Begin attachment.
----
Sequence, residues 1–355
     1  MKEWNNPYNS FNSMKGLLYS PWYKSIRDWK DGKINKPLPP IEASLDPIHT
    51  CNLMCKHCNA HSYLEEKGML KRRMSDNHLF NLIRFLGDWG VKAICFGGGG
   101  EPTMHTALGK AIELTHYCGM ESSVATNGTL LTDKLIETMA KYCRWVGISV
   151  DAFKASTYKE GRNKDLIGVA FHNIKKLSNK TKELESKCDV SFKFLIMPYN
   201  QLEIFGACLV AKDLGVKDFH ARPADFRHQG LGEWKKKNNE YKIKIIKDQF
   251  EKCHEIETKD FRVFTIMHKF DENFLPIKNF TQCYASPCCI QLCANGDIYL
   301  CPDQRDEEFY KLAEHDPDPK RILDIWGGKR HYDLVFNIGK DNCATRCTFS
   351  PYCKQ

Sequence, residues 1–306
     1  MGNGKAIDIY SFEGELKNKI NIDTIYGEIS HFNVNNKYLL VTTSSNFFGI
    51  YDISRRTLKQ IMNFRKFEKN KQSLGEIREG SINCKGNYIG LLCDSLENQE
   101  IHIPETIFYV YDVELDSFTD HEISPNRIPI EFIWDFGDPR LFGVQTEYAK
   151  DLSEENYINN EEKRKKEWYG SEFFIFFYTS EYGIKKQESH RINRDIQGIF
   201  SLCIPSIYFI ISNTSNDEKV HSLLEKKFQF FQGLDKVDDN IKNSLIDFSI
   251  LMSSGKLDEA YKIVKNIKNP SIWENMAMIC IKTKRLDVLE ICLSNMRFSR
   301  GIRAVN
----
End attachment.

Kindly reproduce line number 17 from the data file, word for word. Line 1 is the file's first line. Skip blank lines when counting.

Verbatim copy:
   301  GIRAVN